If you watched the old TV show, you owe it to yourself to rekindle those old memories and pick up a copy of this book. If you have no idea what any of this is about and even a mote of interest in a famous Chinese story, then I highly recommend it.

The chains of love

February 5, 2010

In what can only be described as Chinese Child Care, father Chen Chuanliu; an unlicensed Beijing rickshaw rider, must chain his two year old son, Lao Lu, to a pole, each time he sets out on a fare for fear of losing him. Making a mere few dollars per day, and with a disabled wife who is forced to roam the streets for recyclable rubbish, Chen is a migrant worker from Sichuan province, and has few options to protect his son from child stealers; an issue that is rampant throughout China. It was only recently that his four year old daughter Ling was stolen, and without even a photograph of her, he has no way of even putting up lost child posters.

This kind of story is humorous at a glance, but when you dig deeper into the specifics, it tells of the hardship that affects literally millions of Chinese every day – particularly those migrant workers who have come into the cities from the countryside. While to Chen and his family it is simply life and must be dealt with as it comes, for him, looking after his family is the most important thing.

Child stealing is a massive issue in China, with children being sold to those people who cannot have their own – or worse, as cheap labour in remote mines. Thousands of children are stolen each year, with most of them never being seen again by their original families. With both mother and father working, what options are left? Once concerned individuals noticed the chained child, authorities ordered the chains to be removed, but is leaving a two year old, alone in a 9 ft single room apartment any better?

China is a fascinating country, where explosive growth is taking it into an unknown future, but despite all the glitz and glamour of the modern business centre’s and high-rises’, at the core is often extreme poverty – a problem that is not going to resolve itself anytime soon.

Mandarin Chinese – Frustrating fulfillment

February 2, 2010

I am trying my hardest to learn Mandarin. Years ago when I was in school, I studied French for over three years, and now, some fifteen years later, I can barely speak a handful of words in that particular language. With Mandarin however, I would say I have been learning now for at least two years, and while my progress has increased, I am still very much a beginner.

Unlike my French tuition; which were proper classes, my Chinese study has been purely based on my own initiative. I haven’t had to feel the need to endure classes and to do homework – and probably as a result have learnt a lot less. Though I know a range of different things, I feel that the all important conversation is still frustratingly elusive in that, every time I learn a few more phrases, they don’t seem particularly conversational. It is my goal to achieve a small degree of fluency – at least enough that I can hold a proper conversation and stumble on through it, rather than comprehending next to nothing.

My original incentive to learn Chinese was because of the fact we were going to live in China – hell, it doesn’t get much more logical than that. During the process of learning, both myself and Courtney developed a keen interest in the language itself, which has continued until present – some 12+ months after returning home. While we live in a suburb that has a particularly large Chinese population (one of the things that drew us here), and hear people speaking Chinese practically every day, we still feel too shy to actually use it.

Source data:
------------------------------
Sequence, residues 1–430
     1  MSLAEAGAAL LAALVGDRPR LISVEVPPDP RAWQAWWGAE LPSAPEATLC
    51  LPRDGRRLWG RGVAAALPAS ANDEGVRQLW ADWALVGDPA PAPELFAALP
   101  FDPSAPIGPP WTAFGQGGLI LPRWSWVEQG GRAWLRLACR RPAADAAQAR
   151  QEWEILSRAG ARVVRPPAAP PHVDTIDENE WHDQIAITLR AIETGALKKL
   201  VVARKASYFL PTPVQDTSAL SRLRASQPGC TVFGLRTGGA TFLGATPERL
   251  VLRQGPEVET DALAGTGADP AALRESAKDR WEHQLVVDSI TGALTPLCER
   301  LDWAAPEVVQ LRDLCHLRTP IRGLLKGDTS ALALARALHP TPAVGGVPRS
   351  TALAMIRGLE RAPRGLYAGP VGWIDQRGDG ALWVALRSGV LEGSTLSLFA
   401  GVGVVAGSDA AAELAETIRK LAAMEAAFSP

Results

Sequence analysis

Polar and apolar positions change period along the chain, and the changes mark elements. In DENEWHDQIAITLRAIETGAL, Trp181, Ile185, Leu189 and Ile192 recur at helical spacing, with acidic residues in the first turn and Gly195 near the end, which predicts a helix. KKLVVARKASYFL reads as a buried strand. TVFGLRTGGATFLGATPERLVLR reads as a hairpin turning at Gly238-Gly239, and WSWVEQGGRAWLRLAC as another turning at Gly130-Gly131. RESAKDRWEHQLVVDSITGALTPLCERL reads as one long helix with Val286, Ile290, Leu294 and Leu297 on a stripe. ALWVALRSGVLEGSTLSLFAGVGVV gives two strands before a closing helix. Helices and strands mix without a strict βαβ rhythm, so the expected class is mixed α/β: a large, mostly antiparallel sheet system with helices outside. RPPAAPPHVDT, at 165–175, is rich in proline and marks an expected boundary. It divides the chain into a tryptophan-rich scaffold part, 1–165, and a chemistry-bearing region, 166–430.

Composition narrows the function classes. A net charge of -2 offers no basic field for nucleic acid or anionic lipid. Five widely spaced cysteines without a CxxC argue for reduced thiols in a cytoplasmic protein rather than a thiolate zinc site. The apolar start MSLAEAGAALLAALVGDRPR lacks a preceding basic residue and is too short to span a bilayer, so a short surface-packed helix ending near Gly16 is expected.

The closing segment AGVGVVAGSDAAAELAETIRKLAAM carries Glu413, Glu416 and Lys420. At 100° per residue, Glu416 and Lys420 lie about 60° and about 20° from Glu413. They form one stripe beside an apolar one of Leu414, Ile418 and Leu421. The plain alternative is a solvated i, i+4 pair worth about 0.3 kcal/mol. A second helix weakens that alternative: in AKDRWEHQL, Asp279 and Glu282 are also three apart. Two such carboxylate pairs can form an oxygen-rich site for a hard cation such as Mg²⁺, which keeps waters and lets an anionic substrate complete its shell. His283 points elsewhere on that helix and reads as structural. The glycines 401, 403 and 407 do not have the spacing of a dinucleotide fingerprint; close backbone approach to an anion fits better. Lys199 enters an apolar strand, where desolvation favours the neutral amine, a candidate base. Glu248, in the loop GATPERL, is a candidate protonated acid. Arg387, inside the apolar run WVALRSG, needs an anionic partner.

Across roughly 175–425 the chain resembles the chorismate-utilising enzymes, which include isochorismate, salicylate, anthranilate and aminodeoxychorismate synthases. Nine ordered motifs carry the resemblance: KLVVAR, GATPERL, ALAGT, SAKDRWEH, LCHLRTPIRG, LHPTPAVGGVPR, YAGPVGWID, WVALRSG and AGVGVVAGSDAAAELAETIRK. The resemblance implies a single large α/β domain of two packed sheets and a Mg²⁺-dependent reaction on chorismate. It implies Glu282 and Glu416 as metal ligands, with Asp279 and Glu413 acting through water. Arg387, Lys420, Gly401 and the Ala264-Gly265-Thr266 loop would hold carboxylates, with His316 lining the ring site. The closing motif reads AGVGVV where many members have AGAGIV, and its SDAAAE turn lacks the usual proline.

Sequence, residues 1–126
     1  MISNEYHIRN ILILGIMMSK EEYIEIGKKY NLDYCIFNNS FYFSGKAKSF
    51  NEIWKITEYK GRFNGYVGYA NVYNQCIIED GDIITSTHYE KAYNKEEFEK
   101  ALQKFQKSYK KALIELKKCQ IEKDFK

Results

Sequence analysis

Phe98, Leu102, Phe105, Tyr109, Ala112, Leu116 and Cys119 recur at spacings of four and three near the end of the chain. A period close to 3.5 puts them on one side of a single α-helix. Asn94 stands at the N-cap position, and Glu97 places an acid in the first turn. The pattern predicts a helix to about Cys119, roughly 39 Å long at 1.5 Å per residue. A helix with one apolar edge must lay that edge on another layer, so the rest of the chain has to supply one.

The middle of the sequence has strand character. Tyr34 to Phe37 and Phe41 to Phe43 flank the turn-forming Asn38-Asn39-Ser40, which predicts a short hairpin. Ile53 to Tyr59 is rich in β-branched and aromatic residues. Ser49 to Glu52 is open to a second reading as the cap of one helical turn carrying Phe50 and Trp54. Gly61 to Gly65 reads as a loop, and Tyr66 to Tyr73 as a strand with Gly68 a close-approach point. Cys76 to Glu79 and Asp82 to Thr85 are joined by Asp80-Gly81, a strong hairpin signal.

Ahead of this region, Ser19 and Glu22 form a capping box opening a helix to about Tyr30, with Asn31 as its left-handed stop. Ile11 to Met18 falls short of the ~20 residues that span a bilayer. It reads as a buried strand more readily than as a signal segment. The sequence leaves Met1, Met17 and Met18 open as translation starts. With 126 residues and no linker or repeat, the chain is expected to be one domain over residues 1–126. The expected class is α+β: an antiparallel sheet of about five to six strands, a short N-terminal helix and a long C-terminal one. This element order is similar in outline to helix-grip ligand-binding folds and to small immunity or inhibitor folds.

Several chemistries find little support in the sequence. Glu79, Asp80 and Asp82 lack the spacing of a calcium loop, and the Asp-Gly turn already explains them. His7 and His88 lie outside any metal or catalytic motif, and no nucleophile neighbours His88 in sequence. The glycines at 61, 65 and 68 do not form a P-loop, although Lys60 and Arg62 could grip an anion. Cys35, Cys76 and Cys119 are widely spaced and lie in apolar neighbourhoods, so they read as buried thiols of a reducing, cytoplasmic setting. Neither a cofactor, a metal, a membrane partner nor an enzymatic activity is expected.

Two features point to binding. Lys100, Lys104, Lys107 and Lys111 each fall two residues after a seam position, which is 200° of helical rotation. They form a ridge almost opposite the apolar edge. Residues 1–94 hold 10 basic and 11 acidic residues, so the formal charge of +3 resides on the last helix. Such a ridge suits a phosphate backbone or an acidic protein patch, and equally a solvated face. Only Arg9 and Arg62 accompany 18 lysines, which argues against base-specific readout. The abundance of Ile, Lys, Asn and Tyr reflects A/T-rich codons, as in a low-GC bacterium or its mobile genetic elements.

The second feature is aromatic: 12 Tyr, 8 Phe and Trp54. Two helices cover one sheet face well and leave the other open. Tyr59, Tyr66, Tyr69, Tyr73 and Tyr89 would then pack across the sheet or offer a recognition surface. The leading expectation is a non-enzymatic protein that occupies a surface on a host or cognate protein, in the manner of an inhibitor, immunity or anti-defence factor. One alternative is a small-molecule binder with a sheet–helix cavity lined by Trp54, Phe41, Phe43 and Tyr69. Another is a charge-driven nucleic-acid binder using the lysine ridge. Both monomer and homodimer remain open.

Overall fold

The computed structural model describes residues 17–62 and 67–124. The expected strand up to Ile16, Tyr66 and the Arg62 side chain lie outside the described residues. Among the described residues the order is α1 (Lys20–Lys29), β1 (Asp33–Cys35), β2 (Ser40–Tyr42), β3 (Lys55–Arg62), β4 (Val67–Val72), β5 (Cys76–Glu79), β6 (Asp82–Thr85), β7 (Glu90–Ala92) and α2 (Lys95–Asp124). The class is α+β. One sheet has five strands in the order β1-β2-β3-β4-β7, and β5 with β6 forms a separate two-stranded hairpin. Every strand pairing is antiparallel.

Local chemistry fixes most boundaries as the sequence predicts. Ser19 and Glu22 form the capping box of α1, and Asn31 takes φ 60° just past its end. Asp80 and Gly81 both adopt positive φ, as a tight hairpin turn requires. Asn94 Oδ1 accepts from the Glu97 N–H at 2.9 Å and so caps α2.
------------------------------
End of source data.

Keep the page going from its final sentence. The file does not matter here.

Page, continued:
The main problem is, we do not know enough to actually respond. While I might be able to surprise a Chinese person with my good accent and pronunciation with the initial question – when they actually respond they are rewarded with a blank look – not unlike a stunned mullet.

The bulk of my learning has been done via audio courses, where I will listen and learn in places like the car or train. We have also attended various classes – even some in China – though I find other students to be particularly annoying, as with Chinese it is critical to pronounce things properly, and when the whole class is saying it at once, you can hardly tell if you’re even close. It’s hard enough to pronounce most Chinese words even solo.

We also paid a local Chinese woman some money to teach us for a few weeks, though she moved away which took that particular aspect away. We sorely wanted someone to hear us speak, to help us speak, and to give us feedback. Recently I have discovered via a webpage a great online community which is full to the brim of people looking for language partners. Here people use Skype to communicate with each other, and you can practically pick any language and find someone to practice with. I have tried this multiple times now and while it is immensely satisfying to converse in Chinese, it also shows me precisely how little I actually know. Nothing clears the head faster than being presented with a real live native speaker! I am developing a knack for forgetting precisely everything I have learned each time I attempt it.

Regardless of all of the above, I absolutely love learning this language. If anything, I wish I had started years ago, so that now I would be at a much higher level. It is challenging, and feels like an unscaleable mountain, but with each little chip away at its side, I make small amounts of progress.